ERISA is the acronym for the Employee Retirement Income Security Act, a federal law that provides pensions, insurance companies, and private employers with guidelines regarding the administration of employee benefit plans. Although ERISA doesn’t require private employers to provide pension plans it sets minimum standards for those that do.
- Consolidated Omnibus Budget Reconciliation Act (COBRA) ensures that employees that voluntarily resign or are let go under certain circumstances continue to receive healthcare coverage for a certain period of time
- The Health Insurance Portability and Accountability Act (HIPAA) limits the pre-existing medical condition exception for health insurance coverage and established a period of 6 months prior to enrollment where the development of a new condition could not be deemed preexisting.
- The Newborns’ and Mothers’ Health Protection Act (The Newborns’ Act) provides mothers with minimum coverage that permits at least 48 hours in a hospital following childbirth and a minimum of 96 hours hospital stay following a cesarean section.
ERISA violations commonly include employers improperly denying benefits to employees. When there is a violation of the ERISA obligations of an employer there are two ways that penalties may be incurred:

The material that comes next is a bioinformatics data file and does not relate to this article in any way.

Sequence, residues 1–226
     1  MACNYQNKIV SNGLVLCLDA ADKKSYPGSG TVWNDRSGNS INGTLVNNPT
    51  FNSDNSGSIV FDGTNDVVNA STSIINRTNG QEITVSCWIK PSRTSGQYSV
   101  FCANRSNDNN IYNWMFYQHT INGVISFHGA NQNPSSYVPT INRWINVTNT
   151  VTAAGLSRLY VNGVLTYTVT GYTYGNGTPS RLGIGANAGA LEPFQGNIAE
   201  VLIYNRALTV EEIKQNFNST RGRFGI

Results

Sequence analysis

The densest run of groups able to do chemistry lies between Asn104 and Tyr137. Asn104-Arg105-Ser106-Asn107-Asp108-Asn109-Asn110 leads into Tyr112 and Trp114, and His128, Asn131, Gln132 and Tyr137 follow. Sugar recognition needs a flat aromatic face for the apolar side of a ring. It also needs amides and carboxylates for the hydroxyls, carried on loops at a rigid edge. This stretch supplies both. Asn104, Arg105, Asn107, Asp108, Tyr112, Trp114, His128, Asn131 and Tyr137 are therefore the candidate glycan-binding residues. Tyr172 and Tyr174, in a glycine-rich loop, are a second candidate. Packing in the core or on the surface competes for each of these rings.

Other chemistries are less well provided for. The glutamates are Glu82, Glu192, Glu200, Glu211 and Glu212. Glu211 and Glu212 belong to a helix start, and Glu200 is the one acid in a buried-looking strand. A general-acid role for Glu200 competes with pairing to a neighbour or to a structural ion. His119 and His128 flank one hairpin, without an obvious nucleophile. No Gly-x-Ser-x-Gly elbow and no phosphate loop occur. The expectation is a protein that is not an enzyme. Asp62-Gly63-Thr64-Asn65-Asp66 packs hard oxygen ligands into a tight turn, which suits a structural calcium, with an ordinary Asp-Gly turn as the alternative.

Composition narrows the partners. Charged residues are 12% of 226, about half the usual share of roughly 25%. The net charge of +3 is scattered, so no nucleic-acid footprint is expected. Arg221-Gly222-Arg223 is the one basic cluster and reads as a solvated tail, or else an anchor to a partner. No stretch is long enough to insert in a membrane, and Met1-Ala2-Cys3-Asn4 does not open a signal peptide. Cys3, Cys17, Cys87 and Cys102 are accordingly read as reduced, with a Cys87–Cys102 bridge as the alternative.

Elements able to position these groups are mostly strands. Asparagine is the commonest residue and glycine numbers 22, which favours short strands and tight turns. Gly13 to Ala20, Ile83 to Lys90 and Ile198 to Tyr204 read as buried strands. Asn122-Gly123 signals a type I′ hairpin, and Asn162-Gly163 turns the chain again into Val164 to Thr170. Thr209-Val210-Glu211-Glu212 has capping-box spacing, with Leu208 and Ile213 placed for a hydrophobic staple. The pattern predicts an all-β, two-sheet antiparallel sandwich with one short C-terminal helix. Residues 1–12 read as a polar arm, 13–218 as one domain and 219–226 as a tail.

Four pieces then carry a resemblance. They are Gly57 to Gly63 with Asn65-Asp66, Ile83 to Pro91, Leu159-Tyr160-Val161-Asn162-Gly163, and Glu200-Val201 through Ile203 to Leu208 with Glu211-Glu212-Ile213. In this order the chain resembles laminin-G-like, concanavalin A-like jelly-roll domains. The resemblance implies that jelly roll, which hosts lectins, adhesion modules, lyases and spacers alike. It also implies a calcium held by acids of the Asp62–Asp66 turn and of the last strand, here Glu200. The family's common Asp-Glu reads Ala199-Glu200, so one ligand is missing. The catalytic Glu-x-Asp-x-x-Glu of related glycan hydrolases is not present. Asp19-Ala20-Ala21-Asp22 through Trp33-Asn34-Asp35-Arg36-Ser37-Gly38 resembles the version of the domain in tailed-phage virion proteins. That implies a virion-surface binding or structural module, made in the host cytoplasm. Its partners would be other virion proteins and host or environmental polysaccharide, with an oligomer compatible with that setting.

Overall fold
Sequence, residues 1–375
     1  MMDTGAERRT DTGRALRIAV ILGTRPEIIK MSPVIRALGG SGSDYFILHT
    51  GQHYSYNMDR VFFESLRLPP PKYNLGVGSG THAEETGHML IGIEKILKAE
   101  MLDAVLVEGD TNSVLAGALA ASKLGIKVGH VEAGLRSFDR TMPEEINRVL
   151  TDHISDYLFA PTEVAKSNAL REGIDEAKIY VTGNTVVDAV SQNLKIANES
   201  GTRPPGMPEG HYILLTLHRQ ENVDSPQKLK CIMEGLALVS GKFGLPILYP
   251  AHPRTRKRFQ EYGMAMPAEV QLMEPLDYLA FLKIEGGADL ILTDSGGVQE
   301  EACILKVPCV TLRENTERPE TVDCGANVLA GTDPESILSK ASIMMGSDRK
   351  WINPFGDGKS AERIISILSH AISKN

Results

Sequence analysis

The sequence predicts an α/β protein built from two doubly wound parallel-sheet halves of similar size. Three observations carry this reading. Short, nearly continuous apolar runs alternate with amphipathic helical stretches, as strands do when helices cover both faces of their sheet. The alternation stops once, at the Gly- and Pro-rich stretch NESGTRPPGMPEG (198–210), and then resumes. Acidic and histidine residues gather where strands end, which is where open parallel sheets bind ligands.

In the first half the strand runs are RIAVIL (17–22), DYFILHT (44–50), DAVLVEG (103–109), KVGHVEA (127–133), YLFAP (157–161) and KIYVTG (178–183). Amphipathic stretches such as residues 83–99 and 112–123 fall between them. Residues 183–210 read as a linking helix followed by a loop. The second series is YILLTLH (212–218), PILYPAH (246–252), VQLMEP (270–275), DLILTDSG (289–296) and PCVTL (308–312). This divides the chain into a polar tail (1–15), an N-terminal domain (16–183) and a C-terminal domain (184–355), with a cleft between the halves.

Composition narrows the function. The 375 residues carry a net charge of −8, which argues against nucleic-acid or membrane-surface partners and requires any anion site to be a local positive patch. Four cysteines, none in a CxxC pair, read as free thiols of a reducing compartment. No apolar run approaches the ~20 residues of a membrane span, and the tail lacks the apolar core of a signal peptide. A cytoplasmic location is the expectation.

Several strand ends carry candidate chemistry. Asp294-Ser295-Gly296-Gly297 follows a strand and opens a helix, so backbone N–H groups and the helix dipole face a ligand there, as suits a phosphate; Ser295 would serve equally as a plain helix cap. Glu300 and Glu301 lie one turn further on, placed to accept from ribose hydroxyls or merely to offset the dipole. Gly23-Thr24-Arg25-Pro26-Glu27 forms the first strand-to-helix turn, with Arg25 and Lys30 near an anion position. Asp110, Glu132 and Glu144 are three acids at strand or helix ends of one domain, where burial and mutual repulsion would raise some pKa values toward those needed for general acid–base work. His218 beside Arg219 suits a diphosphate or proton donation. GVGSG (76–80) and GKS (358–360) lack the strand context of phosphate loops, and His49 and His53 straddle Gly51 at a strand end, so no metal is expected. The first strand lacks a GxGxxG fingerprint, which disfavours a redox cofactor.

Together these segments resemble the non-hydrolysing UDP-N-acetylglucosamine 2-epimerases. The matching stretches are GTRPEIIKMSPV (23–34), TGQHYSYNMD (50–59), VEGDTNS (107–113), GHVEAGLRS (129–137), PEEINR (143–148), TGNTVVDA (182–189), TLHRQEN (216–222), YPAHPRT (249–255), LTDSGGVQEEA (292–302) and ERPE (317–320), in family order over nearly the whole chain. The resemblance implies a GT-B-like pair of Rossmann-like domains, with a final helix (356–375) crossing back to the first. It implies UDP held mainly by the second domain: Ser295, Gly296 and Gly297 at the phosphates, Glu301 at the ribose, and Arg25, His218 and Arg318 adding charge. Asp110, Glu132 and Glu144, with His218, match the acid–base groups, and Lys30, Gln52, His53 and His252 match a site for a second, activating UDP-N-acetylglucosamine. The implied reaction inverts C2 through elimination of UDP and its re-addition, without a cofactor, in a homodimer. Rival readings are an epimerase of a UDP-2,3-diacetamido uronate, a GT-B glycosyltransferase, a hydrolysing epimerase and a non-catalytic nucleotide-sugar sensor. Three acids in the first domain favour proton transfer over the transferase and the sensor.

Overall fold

- An aggrieved plan beneficiary can file a complaint against a violator, beginning with the administrative procedures to seek corrective action and eventually filing a lawsuit when the administrative remedies are exhausted.
- The Department of Labor’s Employee Benefits Security Administration (EBSA) can initiate an action against the employer. Both civil and criminal penalties may result from ERISA violations.
Changes may occur in this area of law. The information provided is brought to you as a public service, and is intended to help you better understand the law in general. It is not intended to be legal advice regarding your particular problem or substitute for the advice of a lawyer.